The achieved growth rate in the industrial production during the plan was around 5.2% per annum. Thus structure of Industrial development, was promoted and nurtured in the 4th and 5th plans with minor changes here and there.
Sixth Plan (1980-1985)
On the eve of the sixth plan, a stock-taking of the industrial progress over the previous 35 years, showed that the industrial production increased by almost 5 times and Industrial Structure had been widely diversified covering broadly the entire range of consumer, intermediate and capital goods. The plan provided for large outlays for five Industries, viz., Steel, Petroleum, Coal, Fertilisers, Petro Chemicals. However, as in the earlier periods the growth was slow due to transport and power bottlenecks, labour militancy and raw material shortage.
Seventh Plan (1985-1990)
The VIIth plan, with an outlay of Rs. 30,000 crore for the Industrial Sector, re-emphasized the earlier objective of rapid economic growth with social justice. The main features of industrial development during the VIlth Plan, were:
- Adequate supply of consumer articles for mass consumption at reasonable prices.
- Development of Industries with large domestic market and also export potential to emerge as World leaders in them; and
- Integrated development of Industries in general to achieve self reliance and high employment generation.
The average growth rate of Industry in the 7th plan was 8.5% per annum as against the target of 8% per annum. This sizeable growth was due to a number of factors:
- Improvement in Performance of Infrastructure.
- Higher Import of Capital Goods,
- Better utilisation of capacities,
- Import of Technology, and
- Broad Branding of Products.
Eighth Five Year Plan (1992-1997)
The main thrust of the 8th plan was directed towards creating a more competitive environment to improve efficiency in production and a review of public sector enterprises to improve efficiency.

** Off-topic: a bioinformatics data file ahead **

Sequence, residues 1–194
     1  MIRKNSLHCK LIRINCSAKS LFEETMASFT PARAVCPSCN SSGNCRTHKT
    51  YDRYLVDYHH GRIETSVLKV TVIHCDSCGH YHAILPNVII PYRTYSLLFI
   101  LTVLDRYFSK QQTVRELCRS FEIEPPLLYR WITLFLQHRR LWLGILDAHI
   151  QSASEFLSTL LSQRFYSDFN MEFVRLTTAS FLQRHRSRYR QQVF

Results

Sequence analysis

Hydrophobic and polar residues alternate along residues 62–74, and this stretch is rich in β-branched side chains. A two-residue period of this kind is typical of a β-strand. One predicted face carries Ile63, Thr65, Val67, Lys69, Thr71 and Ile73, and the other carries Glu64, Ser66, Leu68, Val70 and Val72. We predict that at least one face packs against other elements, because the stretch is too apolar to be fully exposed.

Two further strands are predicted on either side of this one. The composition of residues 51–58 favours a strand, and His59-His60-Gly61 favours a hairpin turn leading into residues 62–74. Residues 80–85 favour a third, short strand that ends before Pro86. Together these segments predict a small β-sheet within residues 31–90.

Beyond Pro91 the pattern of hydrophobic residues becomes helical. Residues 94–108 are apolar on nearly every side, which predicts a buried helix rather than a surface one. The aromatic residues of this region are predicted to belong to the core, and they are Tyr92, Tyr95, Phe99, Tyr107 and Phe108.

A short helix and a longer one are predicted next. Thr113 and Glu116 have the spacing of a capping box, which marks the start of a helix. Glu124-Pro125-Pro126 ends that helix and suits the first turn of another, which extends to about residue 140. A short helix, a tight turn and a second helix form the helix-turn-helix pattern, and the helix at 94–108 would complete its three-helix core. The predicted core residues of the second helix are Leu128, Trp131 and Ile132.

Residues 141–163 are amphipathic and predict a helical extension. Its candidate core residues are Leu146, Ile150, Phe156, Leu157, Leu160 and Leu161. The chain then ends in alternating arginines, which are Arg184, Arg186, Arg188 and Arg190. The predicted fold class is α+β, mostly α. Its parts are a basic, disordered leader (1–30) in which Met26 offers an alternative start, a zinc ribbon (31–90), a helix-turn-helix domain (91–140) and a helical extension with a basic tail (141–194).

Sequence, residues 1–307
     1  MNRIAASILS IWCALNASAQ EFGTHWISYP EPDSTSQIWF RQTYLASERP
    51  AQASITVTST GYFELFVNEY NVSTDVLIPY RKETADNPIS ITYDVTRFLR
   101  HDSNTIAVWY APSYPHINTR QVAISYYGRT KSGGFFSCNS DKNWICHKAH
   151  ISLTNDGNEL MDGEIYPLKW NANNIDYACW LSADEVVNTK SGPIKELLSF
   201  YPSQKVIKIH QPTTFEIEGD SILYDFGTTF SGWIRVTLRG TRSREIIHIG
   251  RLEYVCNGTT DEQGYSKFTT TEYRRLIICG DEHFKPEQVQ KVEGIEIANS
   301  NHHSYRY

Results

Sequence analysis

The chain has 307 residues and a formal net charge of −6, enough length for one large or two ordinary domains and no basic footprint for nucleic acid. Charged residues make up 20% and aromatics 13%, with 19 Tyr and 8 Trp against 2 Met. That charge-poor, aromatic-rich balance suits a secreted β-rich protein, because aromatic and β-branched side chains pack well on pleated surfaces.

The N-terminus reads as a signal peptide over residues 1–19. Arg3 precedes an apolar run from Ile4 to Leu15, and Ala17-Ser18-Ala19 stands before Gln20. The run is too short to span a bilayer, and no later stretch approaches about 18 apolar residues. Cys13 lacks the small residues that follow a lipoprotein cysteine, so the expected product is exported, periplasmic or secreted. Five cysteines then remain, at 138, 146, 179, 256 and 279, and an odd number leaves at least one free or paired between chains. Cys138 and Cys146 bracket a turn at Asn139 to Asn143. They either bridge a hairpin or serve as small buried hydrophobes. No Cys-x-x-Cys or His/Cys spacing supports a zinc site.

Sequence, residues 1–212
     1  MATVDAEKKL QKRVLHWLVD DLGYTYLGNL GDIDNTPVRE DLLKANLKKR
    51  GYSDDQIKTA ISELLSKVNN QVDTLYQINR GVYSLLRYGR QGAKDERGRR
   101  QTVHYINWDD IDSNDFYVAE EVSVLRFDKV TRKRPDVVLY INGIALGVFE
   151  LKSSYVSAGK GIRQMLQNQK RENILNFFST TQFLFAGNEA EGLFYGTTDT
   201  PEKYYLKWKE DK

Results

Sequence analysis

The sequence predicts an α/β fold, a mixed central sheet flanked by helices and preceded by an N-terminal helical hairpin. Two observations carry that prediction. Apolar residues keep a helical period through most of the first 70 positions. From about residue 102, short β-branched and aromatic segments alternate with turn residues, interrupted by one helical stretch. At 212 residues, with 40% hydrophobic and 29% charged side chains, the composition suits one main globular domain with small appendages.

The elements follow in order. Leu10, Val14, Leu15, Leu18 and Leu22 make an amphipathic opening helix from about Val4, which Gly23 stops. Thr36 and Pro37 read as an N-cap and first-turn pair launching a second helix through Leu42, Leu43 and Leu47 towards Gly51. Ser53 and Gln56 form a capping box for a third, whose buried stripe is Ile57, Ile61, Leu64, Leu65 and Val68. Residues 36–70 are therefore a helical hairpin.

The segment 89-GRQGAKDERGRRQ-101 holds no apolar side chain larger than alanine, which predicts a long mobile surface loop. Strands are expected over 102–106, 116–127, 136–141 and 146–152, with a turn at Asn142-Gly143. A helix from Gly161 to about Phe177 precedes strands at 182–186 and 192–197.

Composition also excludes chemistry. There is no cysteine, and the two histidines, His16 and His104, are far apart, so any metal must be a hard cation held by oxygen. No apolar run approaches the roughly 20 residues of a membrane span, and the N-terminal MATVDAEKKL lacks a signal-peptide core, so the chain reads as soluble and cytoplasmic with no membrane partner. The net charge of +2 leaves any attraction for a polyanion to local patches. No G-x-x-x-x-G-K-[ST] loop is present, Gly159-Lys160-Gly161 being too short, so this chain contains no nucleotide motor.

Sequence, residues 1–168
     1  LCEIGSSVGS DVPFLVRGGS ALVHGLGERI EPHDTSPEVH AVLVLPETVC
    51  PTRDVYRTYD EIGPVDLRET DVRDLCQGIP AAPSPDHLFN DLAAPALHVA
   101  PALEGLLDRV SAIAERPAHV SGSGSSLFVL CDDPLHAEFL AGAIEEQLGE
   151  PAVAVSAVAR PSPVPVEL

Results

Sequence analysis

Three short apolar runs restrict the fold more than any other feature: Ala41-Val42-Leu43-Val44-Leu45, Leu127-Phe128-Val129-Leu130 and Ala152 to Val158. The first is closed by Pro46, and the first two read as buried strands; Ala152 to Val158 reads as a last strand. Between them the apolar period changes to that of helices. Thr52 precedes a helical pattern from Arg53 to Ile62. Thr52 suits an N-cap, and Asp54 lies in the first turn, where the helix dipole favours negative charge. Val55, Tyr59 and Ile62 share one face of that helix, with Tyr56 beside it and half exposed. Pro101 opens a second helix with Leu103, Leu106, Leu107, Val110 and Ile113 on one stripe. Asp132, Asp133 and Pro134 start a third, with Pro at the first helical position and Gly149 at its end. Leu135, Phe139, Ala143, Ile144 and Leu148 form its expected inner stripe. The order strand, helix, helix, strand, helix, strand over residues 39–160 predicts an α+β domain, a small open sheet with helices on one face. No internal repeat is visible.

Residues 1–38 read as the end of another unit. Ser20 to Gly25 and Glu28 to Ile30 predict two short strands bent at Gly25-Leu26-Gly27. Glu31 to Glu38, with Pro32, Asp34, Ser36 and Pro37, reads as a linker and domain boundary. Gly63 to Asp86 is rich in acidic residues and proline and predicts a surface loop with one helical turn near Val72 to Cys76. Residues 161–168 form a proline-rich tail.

In 1991, Industrial trade and Foreign Investment Policies were substantially liberalized. Accordingly 8th plan · gave less importance to ‘quantitative targets. As per the plan, “The desired growth of different sectors will be achieved primarily through modifications in Industrial trade, fiscal policies and changes in duties and taxes rather than through quantitative restrictions on imports/exports or licensing mechanism.”Government of India, Planning Commission, 8th Five Year Plan, 1992-97 (New Delhi, 1992), Vol, II , p.108.
This is clear indication that in the future industrial progress of this country, the private sector is desired to play an increasingly important role. Production contributed by the industrial sector registered an annual average growth rate of S.l % as against the target of 7.5%.
Ninth Plan (1997·2002)
The 9th plan kept a target of 8.2% per annum growth in the Industrial production. But the actual achievement is nowhere near the target. Because of various factors such as lack of domestic demand for intermediate goods, high oil prices, existence of excess capacity in some sectors, Business cycle, Infrastructure constraints particularly Power, Road and Transport and subdued capital market, the Industrial Production could not pick up much. The growth rates for 1997-98, 1999-2000, 2000-01 and 2001-02 were just 6.7%, 6.7%, 5.0% and 2.7% respectively.
2001-02 and 2002-03- The year 2001-02, was characterised by a slowdown in world output. India also witnessed a weak industrial growth of 2.7% during 2001-02, as measured by the UP. The slowdown was broad-based and took place across most industry groups with particularly weak growth of only 1.2% in mining and quarrying.
Tenth Plan (2002-07)
In 10th Plan, there was an acceleration in the industrial growth rate.
Eleventh Plan (2007-12)
During Eleventh Five Year Plan targeted growth of industrial production is set at 10 percent per annum and manufacturing sector growth target is set at 12 percent per annum. However, in the wake of global recession, the government is contemplating a moderation in these rates.